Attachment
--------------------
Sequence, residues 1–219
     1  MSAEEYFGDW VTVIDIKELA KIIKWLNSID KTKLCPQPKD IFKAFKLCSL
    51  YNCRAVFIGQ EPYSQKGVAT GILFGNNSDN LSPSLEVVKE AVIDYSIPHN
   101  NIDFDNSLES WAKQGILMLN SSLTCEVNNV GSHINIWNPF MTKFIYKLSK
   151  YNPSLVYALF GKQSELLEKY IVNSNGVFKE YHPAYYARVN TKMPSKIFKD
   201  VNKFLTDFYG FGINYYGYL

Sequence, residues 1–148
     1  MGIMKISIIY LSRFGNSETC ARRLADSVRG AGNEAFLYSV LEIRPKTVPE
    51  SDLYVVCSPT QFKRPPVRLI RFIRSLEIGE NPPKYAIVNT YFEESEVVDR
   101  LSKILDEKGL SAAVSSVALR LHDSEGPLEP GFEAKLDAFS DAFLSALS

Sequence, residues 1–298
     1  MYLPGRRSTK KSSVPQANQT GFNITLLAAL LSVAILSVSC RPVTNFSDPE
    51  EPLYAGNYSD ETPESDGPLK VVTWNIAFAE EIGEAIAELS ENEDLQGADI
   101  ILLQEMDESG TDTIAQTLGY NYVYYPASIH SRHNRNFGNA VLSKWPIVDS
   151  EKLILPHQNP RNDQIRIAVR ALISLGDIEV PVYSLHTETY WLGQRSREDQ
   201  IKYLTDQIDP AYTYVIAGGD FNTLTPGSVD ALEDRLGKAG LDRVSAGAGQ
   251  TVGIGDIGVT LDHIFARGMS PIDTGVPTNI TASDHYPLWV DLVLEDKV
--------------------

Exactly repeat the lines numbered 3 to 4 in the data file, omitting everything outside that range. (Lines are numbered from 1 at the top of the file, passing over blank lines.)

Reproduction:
    51  YNCRAVFIGQ EPYSQKGVAT GILFGNNSDN LSPSLEVVKE AVIDYSIPHN
   101  NIDFDNSLES WAKQGILMLN SSLTCEVNNV GSHINIWNPF MTKFIYKLSK